I’m an English major and a self-proclaimed grammar nerd. Why do the mechanics of the English language excite me? I don’t know. That’s just how God has wired me.
When I study the Bible, I write down entire verses or passages of Scripture and mark them up in my journal. An arrow here, some underlining there, and a few scribbled notes in the margins.
Recently, during one of these episodes, the grammar nerd in me started to notice something. The apostle Paul was a big fan of using the passive voice.
This stuck out to me because passive voice is a major no-no in the writing world. English professors everywhere feel pretty strongly about it.
And because I know that not everyone gets the same thrill from grammar that I do (fair enough), I’ll give you a quick refresher.
Basically, every sentence is written in either active or passive voice. See the example below:
Active voice: Rachel is writing this blog post.
Passive voice: This blog post is being written by Rachel, (or) This blog post is being written.
As you can see, with active voice, the person or thing who is performing the action comes first (Rachel) whereas with passive voice, the action (writing of the blog post) comes first and is sometimes followed by a specification of who is performing the action. English professors don’t like it because it lacks clarity.
But Paul didn’t shy away from passive voice, and the more I read, the more I started to see a pattern. Let’s look at these examples:
In him we were also chosen, having been predestined according to the plan of him who works out everything in conformity with the purpose of his will. (Ephesians 1:11 NIV)
By whom have we been chosen?
For it is by grace you have been saved, through faith—and this not from yourselves, it is the gift of God—not by works, so that no one can boast. (Ephesians 2:8-9 NIV)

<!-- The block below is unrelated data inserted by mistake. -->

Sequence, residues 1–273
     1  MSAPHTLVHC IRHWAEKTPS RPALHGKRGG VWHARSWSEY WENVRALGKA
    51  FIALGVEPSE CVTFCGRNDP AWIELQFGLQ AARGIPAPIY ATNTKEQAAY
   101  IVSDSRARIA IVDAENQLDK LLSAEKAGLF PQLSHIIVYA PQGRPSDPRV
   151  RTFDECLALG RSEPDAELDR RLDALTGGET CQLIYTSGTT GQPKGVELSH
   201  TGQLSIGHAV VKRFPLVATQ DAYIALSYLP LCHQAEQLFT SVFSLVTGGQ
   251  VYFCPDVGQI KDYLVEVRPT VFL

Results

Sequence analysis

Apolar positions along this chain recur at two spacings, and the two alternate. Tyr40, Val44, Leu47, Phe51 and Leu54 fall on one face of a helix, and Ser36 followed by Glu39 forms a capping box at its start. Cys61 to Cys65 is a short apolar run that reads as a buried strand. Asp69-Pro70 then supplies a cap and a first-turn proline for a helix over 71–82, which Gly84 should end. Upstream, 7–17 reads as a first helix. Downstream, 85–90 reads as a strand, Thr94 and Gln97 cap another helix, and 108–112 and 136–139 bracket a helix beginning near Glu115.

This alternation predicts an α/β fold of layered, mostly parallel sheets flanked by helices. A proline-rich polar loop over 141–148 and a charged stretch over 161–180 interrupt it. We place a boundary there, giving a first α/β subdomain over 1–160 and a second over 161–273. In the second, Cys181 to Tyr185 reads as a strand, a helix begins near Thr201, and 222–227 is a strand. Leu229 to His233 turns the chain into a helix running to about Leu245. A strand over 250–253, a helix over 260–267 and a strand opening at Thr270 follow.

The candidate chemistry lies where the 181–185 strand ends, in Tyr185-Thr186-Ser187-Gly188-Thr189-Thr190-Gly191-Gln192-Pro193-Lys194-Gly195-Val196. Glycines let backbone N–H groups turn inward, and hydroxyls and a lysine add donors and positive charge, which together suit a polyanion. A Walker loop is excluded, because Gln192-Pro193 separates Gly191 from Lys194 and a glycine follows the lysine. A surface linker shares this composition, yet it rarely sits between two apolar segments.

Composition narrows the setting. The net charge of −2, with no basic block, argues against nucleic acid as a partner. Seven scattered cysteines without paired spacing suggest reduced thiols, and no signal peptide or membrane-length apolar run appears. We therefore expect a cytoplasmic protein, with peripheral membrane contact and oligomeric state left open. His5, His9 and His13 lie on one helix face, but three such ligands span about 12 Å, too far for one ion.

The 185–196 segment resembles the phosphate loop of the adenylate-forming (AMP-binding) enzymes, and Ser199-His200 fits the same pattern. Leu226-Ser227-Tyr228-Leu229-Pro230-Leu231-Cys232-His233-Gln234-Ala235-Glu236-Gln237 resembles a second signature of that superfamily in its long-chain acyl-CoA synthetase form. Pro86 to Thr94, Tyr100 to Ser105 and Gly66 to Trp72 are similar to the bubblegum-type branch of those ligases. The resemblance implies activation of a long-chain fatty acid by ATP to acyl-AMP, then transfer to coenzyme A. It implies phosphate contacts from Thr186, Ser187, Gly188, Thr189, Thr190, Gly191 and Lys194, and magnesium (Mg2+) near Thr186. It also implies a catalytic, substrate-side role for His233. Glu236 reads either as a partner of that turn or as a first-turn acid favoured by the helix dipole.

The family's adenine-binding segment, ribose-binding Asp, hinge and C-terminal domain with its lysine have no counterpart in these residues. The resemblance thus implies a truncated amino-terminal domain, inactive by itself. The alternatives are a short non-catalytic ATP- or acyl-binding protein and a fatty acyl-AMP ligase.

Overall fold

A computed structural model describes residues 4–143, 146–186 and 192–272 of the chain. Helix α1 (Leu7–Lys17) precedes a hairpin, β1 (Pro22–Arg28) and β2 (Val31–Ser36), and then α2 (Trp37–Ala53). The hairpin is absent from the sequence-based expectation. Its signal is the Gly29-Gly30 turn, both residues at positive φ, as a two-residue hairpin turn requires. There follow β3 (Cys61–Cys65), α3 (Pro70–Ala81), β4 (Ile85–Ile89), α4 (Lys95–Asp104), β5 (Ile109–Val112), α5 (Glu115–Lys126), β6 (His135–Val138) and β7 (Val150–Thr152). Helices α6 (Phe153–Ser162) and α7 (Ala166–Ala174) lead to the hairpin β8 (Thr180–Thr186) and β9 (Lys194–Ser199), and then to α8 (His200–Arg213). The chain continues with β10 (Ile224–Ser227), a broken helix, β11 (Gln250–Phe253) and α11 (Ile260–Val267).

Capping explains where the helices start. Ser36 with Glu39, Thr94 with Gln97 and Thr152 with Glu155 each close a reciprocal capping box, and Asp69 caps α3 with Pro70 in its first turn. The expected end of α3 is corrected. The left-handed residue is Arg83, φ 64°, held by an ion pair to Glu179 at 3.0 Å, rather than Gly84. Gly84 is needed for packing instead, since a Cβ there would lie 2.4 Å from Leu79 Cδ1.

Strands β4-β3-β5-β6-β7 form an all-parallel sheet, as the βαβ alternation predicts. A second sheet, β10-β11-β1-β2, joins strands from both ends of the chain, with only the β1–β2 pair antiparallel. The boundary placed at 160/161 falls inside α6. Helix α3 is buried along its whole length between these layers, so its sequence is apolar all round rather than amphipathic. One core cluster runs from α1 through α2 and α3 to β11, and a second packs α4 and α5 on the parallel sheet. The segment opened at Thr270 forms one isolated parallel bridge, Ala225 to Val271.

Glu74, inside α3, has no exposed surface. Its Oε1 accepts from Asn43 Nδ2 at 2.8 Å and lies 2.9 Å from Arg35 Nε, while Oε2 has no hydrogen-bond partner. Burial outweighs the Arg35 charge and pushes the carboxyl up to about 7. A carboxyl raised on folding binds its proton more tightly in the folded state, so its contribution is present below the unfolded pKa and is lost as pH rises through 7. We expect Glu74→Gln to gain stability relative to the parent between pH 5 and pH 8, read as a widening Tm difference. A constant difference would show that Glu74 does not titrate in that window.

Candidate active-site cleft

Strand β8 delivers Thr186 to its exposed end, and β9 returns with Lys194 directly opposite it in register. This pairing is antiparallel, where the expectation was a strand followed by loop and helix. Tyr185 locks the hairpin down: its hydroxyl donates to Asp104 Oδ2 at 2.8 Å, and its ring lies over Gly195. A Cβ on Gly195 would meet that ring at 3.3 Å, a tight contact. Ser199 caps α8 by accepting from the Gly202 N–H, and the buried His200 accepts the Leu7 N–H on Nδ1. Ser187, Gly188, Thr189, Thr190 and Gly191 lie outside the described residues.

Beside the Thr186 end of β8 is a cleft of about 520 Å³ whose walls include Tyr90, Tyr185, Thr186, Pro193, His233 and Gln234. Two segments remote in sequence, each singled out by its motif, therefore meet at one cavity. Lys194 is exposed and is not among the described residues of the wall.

By whom have we been saved?
And you have been given fullness in Christ, who is the head over every power and authority. (Colossians 2:10 NIV)
By whom have we been given fullness?
Here in these verses, Paul is telling the members of the early church and—by extension—he is telling Christians today that we have been chosen, we have been saved, and we have been given fullness. All of these things are true of us, but we could not have not achieved them by any effort of our own.
Rather than performing an action, we have been acted upon. And when we look to see who has been acting, we see God’s love and Christ’s saving work on the cross.
Friends, we have been chosen by God. We have been saved by Christ. We have been given fullness in Christ by Christ’s saving work.
We are at the mercy of passive voice. It would be impossible for Paul to say those things about any Christian who has ever lived if he were forced to use people as the ones performing the action.
We are at the mercy of God, the ultimate Actor. Fortunately, that is not a bad place to be. God is faithful, trustworthy, and abounding in love. Paul shows how God can lavish His grace on us through something as mundane as grammar.